As tech products become better and cheaper, the success of Moore’s law has led to the empirical fact that semiconductor microchips can deliver higher performance in a cost-effective manner. Now iPhones harness 100,000 times more computing power than the computer that sent astronauts to the moon in the late-1960s. Over the recent decades, the semiconductor sector keeps a track record of overcoming numerous business, technical, and even political challenges. The semiconductor sector can continue to provide significant value to consumers in due course. In this positive light, the semiconductor microchip shortages and supply chain issues are likely to ease in the longer run.

The U.S. continues to be a key high-tech hub. Semiconductor sector concentration has grown substantially over the past 35 years, particularly in Taiwan, China, and South Korea. The semiconductor sector has always been capital-intensive. Many disruptive innovators implement high-tech practical applications on semiconductor microchips. Only the top 2 to 5 tech titans consistently make good money in mobile connectivity, software, online search, e-commerce, renewable energy generation, social media, and cloud service provision etc. For instance, Apple captures at least 75% of the profits in the global market for smart phones. TSMC and MediaTek can manage their capital investments in semiconductor microchip production to attract strong returns. These returns feed back into fresh R&D and capacity utilization. In practice, most tech companies prefer not to operate in this self-reinforcing cycle as this cycle carries significant risks for shareholders. For this reason, most U.S. tech titans rely on TSMC and MediaTek etc for their microchip production capacity and capital equipment technology.

Taiwan has a huge cluster of wafer fabs as well as all the tech industries in support of both fabless companies and foundries. Together with Moore’s law, this efficiency has allowed tech products to become better and cheaper in the last few decades. Breaking up this cluster is likely to elongate the pace of disruptive innovations with higher costs. Most governments tend to bolster this high-tech cluster with probably less intervention. The burden of semiconductor sector de-concentration would fall on consumers worldwide. Free market capitalism dictates the economic costs and benefits of semiconductor sector concentration for better global sales and profits.

 

 

What are the current sources of systemic risk in financial services worldwide?

In recent years, the digital transformation has led to pervasive technology adoption in the financial services sector. This tech adoption causes new sources of systemic risk in financial services worldwide. In due course, these new sources of systemic risk affect almost all of the major market players in the global financial system. The major market players include banks, insurers, asset managers, exchanges, as well as financial infrastructure providers. Systemic risk events often emerge, grow, and spread across heavily interconnective financial products, services, and regions. In practice, financial service providers such as banks and insurers may inadvertently become too big to fail in rare times of severe systemic risk (e.g. the dotcom bubble of 2001-2002, Global Financial Crisis of 2008-2009, and current corona virus crisis of 2020-2022). When push comes to shove, the law of inadvertent consequences counsels caution.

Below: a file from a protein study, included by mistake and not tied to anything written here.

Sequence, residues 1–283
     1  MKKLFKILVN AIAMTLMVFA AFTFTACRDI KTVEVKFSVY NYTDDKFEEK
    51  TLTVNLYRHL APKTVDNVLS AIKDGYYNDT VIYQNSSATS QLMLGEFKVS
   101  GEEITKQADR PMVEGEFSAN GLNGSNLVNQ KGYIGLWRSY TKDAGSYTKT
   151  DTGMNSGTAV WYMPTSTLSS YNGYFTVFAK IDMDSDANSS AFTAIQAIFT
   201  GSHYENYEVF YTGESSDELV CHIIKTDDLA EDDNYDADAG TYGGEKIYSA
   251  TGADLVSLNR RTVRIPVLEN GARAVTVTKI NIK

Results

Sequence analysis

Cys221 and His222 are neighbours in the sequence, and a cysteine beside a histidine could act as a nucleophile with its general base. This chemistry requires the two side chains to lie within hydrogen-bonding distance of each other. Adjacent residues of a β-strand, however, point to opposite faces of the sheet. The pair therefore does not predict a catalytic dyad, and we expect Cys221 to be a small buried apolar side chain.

The current sources of systemic risks refer to the short-term and longer-term cases where economic uncertainty leads to severe losses in the broader financial system. When these severe losses materialize as ecosystem events, these rare events can contribute to the development of systemic risk worldwide. In rare times of financial stress, this systemic risk causes financial contagion from one region to another. It has become important for financial institutions and regulators to assess their extant exposure across various sources of systemic risk to better anticipate the economic outcomes of rare events in the financial services sector worldwide. These sources of systemic risk include market risk, credit risk, operational risk, legal risk, strategic risk, reputation risk, procyclicality risk, and so forth.

With some critical tech service providers, new interconnections and dependencies significantly contribute to vulnerable nodes with respect to the essential functions of the broader financial system. These essential functions include bank transfers, interbank payments, user authentication keys, and asset portfolio alpha combos. Across external financial system policies, the lack of common taxonomy presents extensive uncertainty for how financial institutions anticipate systemic risk events. Cyber attacks, cross-border data debacles, and other illicit tech-driven events pose systemic risks to financial stability, consumer protection, and market integrity. In a fundamental view, home-host coordination can help address at least some of these concerns. On the other hand, incompatible nation-state methods may inadvertently cause harm to the global financial system. New sources of systemic risk can further create unforeseen opportunities for financial market manipulation. As technology has been instrumental in promoting greater financial inclusion, several inadvertent consequences may arise from algorithmic biases, exclusionary practices, and anti-competitive behaviors. These repercussions can hinder global financial prosperity, stability, and economic growth.